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Are There Wild Cats In Alaska? What to Know!

Elizabeth Gray

By Elizabeth Gray

canada lynx cat out in the wild

Because many of the residents of Alaska live in rural wilderness areas, domestic pets who live with them are vulnerable to many dangers, including predators. To keep their pets safe, Alaska residents should be aware of which wild animals in the area pose a threat to their dogs and cats. For example, Alaska is home to one native species of wild cat, the lynx, with possible sightings of another cat, the cougar noted in some areas.

In this article, we’ll tell you a little about the wild cats in Alaska, including their preferred habitat and hunting times. We’ll also let you know how to keep your pets safe from these Alaskan predators.

The Lynx: Alaska’s Native Wild Cat

The lynx is a medium-sized wild cat, usually between 18-40 pounds. They have short tails, big furry feet that help them walk on snow, and long tips on each ear. Their thick gray fur helps them ward off the Alaskan cold and blend into the harsh terrain at the same time.

Lynx are present throughout much of Alaska, generally, anywhere there is a sufficient population of snowshoe hares, their primary food source. They prefer forests or mixed vegetation habitats. However, they are not known to live in extreme southeast Alaska, including the islands of that region.

The lynx prefers to hunt at night and is generally most active at dawn and dusk. They are comfortable hunting near human habitats, although they are elusive enough to avoid being seen.

Cougars: Alaska’s Mysterious Wild Cat

female cougar
Image Credit: Geoffrey Kuchera, Shutterstock

Cougars, also called mountain lions or panthers, are not native to Alaska, nor is the state considered part of their natural range. However, occasional credible sightings of this wild cat have been reported in the state since the late 1980s.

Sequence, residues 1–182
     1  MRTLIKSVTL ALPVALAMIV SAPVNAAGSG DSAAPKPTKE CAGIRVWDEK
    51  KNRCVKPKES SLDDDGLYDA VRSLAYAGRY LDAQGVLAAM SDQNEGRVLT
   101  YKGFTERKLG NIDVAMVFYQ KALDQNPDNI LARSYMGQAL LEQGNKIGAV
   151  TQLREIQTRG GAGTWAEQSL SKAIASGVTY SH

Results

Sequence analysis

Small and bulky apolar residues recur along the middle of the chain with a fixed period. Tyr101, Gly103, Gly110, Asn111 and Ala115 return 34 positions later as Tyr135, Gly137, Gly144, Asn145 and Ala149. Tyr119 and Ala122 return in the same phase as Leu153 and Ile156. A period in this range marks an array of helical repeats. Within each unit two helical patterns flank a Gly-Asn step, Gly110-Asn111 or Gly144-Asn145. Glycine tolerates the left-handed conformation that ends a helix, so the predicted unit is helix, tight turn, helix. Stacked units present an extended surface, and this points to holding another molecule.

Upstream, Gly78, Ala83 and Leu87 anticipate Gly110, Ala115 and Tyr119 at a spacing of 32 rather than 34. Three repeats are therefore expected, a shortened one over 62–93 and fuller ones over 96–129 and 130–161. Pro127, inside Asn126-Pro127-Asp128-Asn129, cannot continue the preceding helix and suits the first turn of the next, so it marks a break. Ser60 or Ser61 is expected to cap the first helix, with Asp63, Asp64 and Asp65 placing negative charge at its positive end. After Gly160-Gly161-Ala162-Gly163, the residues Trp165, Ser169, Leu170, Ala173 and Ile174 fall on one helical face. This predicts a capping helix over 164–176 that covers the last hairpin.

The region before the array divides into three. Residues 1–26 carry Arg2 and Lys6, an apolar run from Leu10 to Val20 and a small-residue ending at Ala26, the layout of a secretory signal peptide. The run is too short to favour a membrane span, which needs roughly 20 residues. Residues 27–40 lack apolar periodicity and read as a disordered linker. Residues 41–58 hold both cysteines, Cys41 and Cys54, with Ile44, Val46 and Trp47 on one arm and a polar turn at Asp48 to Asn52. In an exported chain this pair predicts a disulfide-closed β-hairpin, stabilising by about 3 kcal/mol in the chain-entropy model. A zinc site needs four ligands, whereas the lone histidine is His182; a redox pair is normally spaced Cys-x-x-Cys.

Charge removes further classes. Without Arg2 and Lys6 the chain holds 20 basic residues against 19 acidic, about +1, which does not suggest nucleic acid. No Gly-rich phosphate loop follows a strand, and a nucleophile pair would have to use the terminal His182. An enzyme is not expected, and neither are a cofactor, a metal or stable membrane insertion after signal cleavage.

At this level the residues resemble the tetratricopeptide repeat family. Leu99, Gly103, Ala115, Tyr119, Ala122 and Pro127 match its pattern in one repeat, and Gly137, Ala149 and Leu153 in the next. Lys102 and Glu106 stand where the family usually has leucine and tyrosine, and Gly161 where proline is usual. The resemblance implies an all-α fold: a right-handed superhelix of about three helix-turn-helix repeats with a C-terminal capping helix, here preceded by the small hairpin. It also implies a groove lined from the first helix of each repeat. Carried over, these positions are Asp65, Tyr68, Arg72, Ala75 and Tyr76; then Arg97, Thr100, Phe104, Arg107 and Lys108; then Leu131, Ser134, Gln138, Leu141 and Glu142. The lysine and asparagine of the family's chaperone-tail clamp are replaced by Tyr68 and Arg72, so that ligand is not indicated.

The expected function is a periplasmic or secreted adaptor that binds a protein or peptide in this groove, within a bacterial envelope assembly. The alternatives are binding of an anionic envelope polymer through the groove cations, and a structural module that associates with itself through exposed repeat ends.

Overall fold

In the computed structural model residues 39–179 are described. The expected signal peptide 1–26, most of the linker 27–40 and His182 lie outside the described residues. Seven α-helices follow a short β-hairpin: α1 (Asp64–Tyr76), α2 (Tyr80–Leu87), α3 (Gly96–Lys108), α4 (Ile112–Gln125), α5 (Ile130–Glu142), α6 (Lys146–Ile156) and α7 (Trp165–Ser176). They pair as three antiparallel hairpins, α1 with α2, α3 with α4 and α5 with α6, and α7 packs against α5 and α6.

Canada is home to a strong population of cougars, including the province of British Columbia, which borders Alaska. The sightings of cougars in Alaska have tended to take place in regions near the Canadian border.

With increased populations of cougars both in Canada and in western parts of the Lower 48 states, biologists believe it’s certainly possible some of the wild cats may find their way into Alaska.

Cougars, especially males, are known to range hundreds and even thousands of miles in search of new territory. That certainly puts Alaska within a reasonable distance of known populations of cougars in other areas. Pet owners, especially in southeastern Alaska, must consider the possibility that cougars could pose a threat to their animals.

Keeping Pets Safe From Wild Cats In Alaska

While domestic pets aren’t a natural food source for lynx or cougars, a hungry wild cat won’t be picky about their meals if their regular prey becomes scarce. Because of this, Alaska pet owners should take steps to keep their animals safe.

Pets should be kept safely behind closed doors at night, either in the house or in a sturdy outbuilding. Lynx do their hunting at night so if your pet is indoors during those times, they will be much safer.

If you own livestock or other prey animals like chickens and rabbits, make sure they are securely enclosed at night as well to avoid attracting wild cats.

Keep any other potential food sources out of your yard. Don’t leave leftovers, grill grease, or other food scraps in the yard. Keep all garbage securely out of reach.

Clean up any pet waste that’s in your yard as well. If your pets are outside at dawn or dusk, monitor them carefully, even if you have a fenced-in yard. Lynx and cougars are both capable climbers.

Wild Bobcat on the roof
Image Credit: LocoLocal, Pixabay

Conclusion

Learning to coexist with wildlife is a fact of life for anyone who chooses to live in a rural setting, particularly one as wild as Alaska. Besides lynx, Alaska is also home to other predator species like bears and wolves. Learning about the hunting habits and behaviors of wild cats and other predators can help pet owners keep their domestic animals as safe as possible from their wild neighbors.


Featured Image Credit: miroslav chytil, Shutterstock

Elizabeth Gray

Authored by

Elizabeth Gray is a lifelong lover of all creatures great and small. She got her first cat at 5 years old and at 14, she started working for her local veterinarian. Elizabeth spent more than 20 years working as a veterinary nurse before stepping away to become a stay-at-home parent to her daughter. Now, she is excited to share her hard-earned knowledge (literally–she has scars) with our readers. Elizabeth lives in Iowa ...Read more

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